Sir Don Curry's high-level set-aside group reported in July 2008 and the Secretary of State agreed that measures were needed as soon as practicable to mitigate the environmental impact of set-aside loss. The Secretary of State issued a statement on the next steps on 25 July, which included commissioning the Rural Payments Agency and Natural England to work up how the preferred option could be delivered in practice. That option would involve farmers managing a small percentage (as yet undefined) of their land primarily for environmental purposes. The RPA/NE report and the conclusion of the CAP health check are not expected until late in the year, when the Secretary of State will assess the next steps.

Decisions on the overall approach, and the detailed arrangements which will determine the impacts, for example, on farming or the environment, will need to be taken in the context of the agreement on the CAP health check.

Badgers and Bovine Tuberculosis

Baroness Byford asked Her Majesty's Government:



27 Oct 2008 : Column WA138

The Minister of State, Department of Energy and Climate Change & Department for Environment, Food and Rural Affairs (Lord Hunt of Kings Heath): My department has not attempted to estimate the numbers of cattle likely to be slaughtered under the bovine tuberculosis (TB) control regime in the next three years, or the likely costs.

It is very difficult to make such forecasts due to the chronic, multifactorial and insidious nature of bovine TB. The number of cattle slaughtered as TB reactors and direct contacts largely depends on (i) the underlying prevalence of the infection in the cattle (and badger) population and (ii) the intensity and accuracy of the TB screening programme for cattle herds. The former is subject to cyclical changes in the endemic TB areas that are difficult to predict, whereas the latter is subject to annual changes as TB herd testing frequencies are reviewed every year in response to the incidence of herd breakdowns in the previous years. Furthermore, the enhancements to the TB testing regime introduced over the past two years (such as pre-movement testing and gamma-interferon blood testing) are expected to result in higher numbers of reactors being identified each year, at least in the short to medium term.

In relation to costs, compensation rates and salvage income will vary over time with market prices.

Banking

Lord Willoughby de Broke asked Her Majesty's Government:

Lord Davies of Oldham: Decisions relating to individual board members are a commercial matter for the banks concerned.

The Government have required that banks participating in the Government's recapitalisation scheme do not pay cash bonuses to board members in 2008.

Lord Jopling asked Her Majesty's Government:

Lord Davies of Oldham: The Chancellor of the Exchequer set out in his Statement to the House of Commons on 13 October the details of the support made available to financial institutions participating in the Government's recapitalisation scheme.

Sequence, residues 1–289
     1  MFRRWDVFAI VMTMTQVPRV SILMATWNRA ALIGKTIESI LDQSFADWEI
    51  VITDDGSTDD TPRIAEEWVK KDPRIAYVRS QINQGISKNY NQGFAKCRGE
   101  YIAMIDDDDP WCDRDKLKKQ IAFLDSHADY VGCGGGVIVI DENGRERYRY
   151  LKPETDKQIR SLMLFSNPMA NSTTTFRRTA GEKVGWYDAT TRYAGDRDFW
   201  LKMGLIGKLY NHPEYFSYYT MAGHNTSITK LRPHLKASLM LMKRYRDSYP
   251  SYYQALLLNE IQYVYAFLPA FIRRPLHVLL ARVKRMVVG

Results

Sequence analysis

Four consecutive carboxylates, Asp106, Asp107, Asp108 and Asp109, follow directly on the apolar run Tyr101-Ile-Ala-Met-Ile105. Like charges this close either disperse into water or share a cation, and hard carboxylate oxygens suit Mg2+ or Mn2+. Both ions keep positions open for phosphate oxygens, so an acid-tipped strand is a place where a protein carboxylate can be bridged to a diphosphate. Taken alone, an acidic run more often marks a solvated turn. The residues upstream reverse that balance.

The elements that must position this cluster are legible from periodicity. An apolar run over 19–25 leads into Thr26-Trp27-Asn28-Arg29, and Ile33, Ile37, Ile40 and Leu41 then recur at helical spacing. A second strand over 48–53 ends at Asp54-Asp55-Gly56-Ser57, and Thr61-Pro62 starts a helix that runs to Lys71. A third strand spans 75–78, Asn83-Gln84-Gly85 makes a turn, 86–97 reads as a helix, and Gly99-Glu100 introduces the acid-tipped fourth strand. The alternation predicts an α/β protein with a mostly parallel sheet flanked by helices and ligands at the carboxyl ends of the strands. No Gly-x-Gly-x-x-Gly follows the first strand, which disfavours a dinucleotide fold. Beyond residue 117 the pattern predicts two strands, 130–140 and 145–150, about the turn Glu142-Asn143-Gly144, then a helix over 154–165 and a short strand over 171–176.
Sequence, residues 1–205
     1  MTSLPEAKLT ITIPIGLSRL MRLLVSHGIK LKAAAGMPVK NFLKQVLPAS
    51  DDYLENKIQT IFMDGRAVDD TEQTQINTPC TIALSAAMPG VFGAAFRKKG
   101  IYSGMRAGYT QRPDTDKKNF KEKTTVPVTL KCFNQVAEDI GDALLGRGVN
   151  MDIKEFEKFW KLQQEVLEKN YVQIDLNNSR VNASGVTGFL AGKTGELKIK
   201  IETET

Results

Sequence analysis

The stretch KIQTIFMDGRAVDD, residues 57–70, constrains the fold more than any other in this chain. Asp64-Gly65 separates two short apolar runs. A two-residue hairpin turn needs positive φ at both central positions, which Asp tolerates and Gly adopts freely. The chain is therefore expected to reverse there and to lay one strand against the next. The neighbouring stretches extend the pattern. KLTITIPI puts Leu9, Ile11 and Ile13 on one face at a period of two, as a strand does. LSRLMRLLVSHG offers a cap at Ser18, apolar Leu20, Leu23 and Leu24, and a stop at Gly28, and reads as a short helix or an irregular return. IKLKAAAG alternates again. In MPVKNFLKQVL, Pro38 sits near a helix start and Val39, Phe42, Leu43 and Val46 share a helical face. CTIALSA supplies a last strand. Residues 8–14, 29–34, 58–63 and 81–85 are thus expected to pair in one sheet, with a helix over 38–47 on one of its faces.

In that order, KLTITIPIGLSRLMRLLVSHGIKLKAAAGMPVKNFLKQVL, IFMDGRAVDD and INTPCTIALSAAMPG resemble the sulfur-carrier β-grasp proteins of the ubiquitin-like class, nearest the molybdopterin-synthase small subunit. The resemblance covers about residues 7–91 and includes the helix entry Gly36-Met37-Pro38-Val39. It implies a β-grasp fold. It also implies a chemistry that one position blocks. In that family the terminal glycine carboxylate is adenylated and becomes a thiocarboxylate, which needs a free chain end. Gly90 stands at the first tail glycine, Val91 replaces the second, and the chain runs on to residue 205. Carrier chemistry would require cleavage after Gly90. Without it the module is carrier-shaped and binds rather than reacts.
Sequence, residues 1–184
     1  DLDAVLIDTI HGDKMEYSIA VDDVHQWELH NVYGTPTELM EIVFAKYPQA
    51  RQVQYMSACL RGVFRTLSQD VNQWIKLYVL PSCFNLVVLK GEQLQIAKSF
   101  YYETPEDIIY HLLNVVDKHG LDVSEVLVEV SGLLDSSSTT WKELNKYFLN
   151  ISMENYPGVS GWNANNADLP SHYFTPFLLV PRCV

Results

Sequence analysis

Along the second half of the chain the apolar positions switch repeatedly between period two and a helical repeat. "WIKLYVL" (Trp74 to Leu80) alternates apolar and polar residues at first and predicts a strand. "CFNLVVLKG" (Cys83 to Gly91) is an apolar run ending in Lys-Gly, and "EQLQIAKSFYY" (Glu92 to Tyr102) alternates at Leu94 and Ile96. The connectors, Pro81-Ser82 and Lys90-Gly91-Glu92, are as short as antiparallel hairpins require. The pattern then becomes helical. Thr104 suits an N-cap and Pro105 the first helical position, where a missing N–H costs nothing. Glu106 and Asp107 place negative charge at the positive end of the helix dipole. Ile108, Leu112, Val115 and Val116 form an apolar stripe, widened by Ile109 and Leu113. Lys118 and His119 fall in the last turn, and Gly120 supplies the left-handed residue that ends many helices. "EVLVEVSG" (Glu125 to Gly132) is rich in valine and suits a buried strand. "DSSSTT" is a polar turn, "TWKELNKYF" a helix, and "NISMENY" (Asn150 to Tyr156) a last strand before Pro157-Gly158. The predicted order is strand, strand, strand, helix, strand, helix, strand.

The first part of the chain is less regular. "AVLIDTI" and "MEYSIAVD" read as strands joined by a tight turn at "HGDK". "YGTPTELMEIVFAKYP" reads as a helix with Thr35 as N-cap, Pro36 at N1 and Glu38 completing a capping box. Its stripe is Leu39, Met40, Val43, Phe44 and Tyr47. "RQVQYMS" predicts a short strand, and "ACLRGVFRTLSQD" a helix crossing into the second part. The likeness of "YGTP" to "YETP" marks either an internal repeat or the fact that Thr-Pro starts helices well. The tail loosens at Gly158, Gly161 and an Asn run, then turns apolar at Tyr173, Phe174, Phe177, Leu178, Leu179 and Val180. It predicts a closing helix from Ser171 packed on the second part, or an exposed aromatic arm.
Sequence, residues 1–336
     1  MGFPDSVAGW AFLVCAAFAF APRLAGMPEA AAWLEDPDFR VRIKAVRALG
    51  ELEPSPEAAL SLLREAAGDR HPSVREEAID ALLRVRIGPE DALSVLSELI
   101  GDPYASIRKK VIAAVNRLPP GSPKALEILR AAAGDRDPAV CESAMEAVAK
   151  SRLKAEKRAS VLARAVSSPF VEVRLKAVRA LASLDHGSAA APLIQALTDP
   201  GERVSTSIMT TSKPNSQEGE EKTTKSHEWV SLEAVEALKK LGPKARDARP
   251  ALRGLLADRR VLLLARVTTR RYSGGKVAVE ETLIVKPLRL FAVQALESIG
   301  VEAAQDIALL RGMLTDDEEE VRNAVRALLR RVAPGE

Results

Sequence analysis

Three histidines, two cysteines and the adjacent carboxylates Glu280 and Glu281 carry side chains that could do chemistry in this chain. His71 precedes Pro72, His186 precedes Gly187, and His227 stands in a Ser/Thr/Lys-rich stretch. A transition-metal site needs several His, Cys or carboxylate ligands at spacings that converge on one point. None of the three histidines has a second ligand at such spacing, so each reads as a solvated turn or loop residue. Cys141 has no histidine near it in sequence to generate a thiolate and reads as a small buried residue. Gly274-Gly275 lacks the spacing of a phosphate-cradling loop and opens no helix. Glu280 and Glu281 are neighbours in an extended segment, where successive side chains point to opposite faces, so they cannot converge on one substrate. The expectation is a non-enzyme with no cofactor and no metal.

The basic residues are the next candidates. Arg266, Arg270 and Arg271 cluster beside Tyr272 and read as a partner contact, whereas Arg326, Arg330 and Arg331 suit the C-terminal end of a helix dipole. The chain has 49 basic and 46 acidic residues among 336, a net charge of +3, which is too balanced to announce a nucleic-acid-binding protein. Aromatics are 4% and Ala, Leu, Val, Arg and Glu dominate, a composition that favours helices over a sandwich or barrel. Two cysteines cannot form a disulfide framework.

Bovine Tuberculosis

Baroness Byford asked Her Majesty's Government:



27 Oct 2008 : Column WA139

The Minister of State, Department of Energy and Climate Change & Department for Environment, Food and Rural Affairs (Lord Hunt of Kings Heath): The information requested is provided in the table below. The data provided are for England:

YearTotal Number of New TB Herd IncidentsNumber of Cattle Slaughtered Under TB Control MeasuresCompensation 2

2008

2,0091

14,2231

£21,663,1883

2007

3,183

19,794

£14,674,397

2006

2,721

16,007

£16,905,990

2005

2,904

23,135

£32,137,697

2004

2,612

17,306

£21,759,277

2003

2,516

17,551

£23,450,663

Children: Poverty

Lord Ouseley asked Her Majesty's Government:

The Parliamentary Under-Secretary of State, Department for Work and Pensions (Lord McKenzie of Luton): Poverty is a complex and multidimensional issue and, as such, there are many possible measures of poverty.

Definitions of low income households are set out in the annual national statistics publication, Households Below Average Income, available on the DWP website and in the Library. This reports numbers of individuals in households below or persistently below 50 per cent, 60 per cent and 70 per cent of median household income before and after deducting housing costs, and the number of children in low-income households and in material deprivation.

Statistics for the years requested are presented below for people and children in households with incomes below 60 per cent of median income in 2004-05, 2005-06 and 2006-07. Before and after housing costs based on the median income of the year in question. 1998-99 information has been included where available, to give context to more long-term trends.



27 Oct 2008 : Column WA140

Table 1: Numbers of people in households with incomes below 60 per cent of contemporary median income, United Kingdom, 1998-99 and 2004-05 to 2006-07 (millions).
YearBefore Housing CostsAfter Housing Costs

1998-99

11.2

14.0

2004-05

10.0

12.1

2005-06

10.4

12.8

2006-07

10.7

13.2

Table 2: Numbers of children in households with incomes below60 per cent of contemporary median income, United Kingdom, 1998-99 and 2004-05 to 2006-07 (millions).
YearBefore Housing CostsAfter Housing Costs

1998-99

3.4

4.4

2004-05

2.7

3.6

2005-06

2.8

3.8

2006-07

2.9

3.9


Next Section Back to Table of Contents Lords Hansard Home Page